Main features and dissemination
Nail mushrooms come in many forms grouped under the scientific name of "Armillaria mellea". They are "parasitic" fungi that can damage forests and forests, but also gardens and orchards if they grow on trees by attaching themselves to the trunks by means of the "micellar wires" which are similar to roots. Tacks, widespread throughout Europe and in many other areas of the world including North America, have gills that emit a faint light, hardly visible to the human eye in a normal forest environment, even on a moonless night. To try to see this effect one must observe the tacks in a completely darkened room, after having accustomed the eyes to the dark and the pupils are completely dilated. The most well-known luminescent fungus is "Illudens Omphalotus", also commonly known as "Jack O 'Lantern".
Taxonomic history and their variety
The honey mushrooms were first described in 1790 by the Danish mycologist Martin Vahl, who classified them as "Agaricus mellea", later they were moved to the current genus "Armillaria mellea" by the famous German mycologist Paul Kummer. The experts divide the honey mushrooms, also called "honey mushrooms", for their characteristic color rather than for their taste which is anything but sweet, in different varieties. For example, there are pegs with very scaly caps and small, or almost flake-free, stem rings with large white rings. Then there are the species of fungi that are similar to pegs in general but distinguishable by some details, such as the "Hypholoma Sublateritium", called false nails, very bitter and inedible but very effective for antirheumatic therapies.
To recognize the nails you can take into consideration the cap (or cap), the gills and the stem, bearing in mind that they can present themselves with different shapes and shades of color in relation to the seasonal period and the environment. The cap has a variable diameter from 5 to 10 cm, with a color ranging from yellow-honey to red-brown, initially very convex which later flattens, with white or light flesh. The gills, weakly decurrent, are dense, initially flesh-colored, they become more yellow and with aging develop rust spots. The stems, initially white in color, turn yellow and yellowish-brown, the flesh is white and fairly firm. The diameter of the stem can vary from 5 to 15 mm and its height from 6 to 15 cm, with a finely woolly surface.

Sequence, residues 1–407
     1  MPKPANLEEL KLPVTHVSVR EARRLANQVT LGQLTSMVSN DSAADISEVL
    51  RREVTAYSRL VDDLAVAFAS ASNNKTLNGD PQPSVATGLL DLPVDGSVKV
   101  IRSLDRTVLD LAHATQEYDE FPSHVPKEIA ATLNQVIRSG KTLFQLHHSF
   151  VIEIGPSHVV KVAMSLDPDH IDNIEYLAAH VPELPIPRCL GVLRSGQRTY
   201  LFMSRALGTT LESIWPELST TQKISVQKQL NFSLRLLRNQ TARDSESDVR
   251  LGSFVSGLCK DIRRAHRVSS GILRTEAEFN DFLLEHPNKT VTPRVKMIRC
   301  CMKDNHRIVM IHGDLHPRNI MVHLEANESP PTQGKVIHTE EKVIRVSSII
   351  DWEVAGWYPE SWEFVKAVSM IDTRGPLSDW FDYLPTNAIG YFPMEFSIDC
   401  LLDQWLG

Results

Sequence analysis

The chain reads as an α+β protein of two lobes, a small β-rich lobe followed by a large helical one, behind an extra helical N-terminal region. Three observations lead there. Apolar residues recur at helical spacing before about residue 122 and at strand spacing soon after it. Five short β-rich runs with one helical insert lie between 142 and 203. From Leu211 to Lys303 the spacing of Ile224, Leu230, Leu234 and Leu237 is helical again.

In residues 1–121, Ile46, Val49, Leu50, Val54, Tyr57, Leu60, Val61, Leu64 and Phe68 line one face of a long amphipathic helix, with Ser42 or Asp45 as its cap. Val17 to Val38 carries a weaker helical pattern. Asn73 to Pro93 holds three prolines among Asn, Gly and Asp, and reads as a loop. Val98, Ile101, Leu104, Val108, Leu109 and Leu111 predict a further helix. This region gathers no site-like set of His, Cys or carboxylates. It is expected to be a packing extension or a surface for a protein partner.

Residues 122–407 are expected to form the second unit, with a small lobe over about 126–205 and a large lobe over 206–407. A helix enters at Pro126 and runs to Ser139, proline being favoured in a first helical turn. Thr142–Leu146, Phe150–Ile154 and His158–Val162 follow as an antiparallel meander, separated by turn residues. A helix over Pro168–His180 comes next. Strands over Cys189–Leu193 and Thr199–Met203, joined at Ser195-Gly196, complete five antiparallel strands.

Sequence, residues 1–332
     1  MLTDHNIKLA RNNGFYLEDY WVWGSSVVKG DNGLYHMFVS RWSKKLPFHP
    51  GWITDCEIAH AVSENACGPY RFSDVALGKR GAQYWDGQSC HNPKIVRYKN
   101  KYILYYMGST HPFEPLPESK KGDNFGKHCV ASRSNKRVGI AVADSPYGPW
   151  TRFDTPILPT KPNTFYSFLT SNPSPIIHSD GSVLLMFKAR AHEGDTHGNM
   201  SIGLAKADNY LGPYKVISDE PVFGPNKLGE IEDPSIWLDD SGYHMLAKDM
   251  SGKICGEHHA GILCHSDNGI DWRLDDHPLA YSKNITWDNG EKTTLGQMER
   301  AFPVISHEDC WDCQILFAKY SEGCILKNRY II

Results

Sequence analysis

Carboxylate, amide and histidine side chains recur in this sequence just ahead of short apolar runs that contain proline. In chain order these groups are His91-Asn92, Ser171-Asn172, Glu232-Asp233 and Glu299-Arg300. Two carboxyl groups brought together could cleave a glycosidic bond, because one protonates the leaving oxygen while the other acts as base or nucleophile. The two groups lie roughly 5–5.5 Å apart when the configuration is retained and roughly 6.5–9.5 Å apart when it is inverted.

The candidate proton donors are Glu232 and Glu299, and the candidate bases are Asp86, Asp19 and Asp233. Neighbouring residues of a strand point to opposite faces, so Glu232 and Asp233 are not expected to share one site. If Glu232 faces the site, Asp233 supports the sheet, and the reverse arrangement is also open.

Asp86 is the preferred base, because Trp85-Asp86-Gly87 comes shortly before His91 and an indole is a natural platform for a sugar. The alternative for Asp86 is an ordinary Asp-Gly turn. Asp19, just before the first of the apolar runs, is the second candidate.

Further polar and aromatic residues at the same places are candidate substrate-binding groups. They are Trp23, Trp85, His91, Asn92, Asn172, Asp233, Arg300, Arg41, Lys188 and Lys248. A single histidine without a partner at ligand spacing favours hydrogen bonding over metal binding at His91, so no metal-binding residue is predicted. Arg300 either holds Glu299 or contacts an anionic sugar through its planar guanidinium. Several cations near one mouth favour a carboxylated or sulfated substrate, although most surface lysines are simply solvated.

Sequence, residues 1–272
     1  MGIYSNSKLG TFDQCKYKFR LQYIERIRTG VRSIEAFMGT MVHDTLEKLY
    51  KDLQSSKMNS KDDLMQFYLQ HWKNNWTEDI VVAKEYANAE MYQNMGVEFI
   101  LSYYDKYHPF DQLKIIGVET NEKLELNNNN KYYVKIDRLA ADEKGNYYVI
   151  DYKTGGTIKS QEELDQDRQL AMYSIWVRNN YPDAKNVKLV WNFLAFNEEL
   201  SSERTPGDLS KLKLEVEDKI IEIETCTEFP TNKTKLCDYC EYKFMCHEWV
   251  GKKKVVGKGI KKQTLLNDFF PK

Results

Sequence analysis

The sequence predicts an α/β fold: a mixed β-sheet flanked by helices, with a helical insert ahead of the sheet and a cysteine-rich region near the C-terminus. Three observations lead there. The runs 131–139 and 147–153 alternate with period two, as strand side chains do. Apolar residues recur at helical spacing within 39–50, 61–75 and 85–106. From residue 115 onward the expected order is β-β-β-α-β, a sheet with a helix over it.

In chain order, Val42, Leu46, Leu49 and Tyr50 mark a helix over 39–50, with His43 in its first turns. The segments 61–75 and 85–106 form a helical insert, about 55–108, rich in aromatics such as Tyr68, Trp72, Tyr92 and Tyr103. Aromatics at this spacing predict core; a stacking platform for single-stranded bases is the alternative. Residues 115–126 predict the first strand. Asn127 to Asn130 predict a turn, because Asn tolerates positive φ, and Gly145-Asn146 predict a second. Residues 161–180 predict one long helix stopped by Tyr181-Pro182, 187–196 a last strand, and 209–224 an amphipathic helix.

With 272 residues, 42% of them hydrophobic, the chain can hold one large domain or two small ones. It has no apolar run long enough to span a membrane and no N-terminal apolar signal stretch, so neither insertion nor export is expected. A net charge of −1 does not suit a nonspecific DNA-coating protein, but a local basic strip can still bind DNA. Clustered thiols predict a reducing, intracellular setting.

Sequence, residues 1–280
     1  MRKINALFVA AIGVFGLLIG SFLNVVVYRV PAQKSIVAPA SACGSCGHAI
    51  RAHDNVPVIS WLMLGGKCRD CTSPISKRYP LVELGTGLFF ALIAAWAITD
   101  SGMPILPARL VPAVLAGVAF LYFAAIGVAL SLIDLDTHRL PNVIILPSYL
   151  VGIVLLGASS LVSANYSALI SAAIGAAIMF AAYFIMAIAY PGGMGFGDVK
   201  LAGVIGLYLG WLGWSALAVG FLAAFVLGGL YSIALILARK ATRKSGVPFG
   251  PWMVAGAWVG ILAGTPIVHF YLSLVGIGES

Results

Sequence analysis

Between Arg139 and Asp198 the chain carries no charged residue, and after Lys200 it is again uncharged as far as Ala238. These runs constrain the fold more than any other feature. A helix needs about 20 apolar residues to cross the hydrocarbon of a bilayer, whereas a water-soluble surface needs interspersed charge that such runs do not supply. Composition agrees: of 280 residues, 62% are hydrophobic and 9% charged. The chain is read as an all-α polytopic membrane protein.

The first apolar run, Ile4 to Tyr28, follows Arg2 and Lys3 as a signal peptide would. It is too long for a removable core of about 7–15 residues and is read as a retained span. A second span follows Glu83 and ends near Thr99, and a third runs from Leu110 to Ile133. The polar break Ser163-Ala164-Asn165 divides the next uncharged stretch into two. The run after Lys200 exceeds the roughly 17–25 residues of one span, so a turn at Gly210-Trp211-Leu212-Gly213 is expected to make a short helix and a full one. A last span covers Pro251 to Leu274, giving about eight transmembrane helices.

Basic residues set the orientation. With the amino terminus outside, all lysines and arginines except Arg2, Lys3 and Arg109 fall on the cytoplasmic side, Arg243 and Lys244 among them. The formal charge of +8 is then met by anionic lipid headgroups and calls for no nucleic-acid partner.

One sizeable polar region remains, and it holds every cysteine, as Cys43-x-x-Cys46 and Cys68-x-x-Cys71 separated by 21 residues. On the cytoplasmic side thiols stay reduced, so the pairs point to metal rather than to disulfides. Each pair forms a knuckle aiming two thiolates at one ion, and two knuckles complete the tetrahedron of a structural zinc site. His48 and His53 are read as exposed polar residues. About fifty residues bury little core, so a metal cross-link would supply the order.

Nails: Guide to home cultivation
It is possible to grow pegs at home by obtaining spores and an adequate culture medium. Spores are available in food mushroom stores and as far as the culture medium is concerned, it is advisable to use sterilized hardwood sawdust, such as oak. Then place the culture medium in a container, a cardboard box or a plastic tray, for a depth of 5-6 cm. Sow the spores and spray the entire container and place the container in a dark place at 20 ° C for at least three weeks. Lower the temperature to 13 ° C, spread 2-3 cm of compost on the surface of the culture medium and place a damp cloth on top. Keep the fabric and the soil constantly moist until the pegs are seen growing, which take another 2-3 weeks to reach maturity.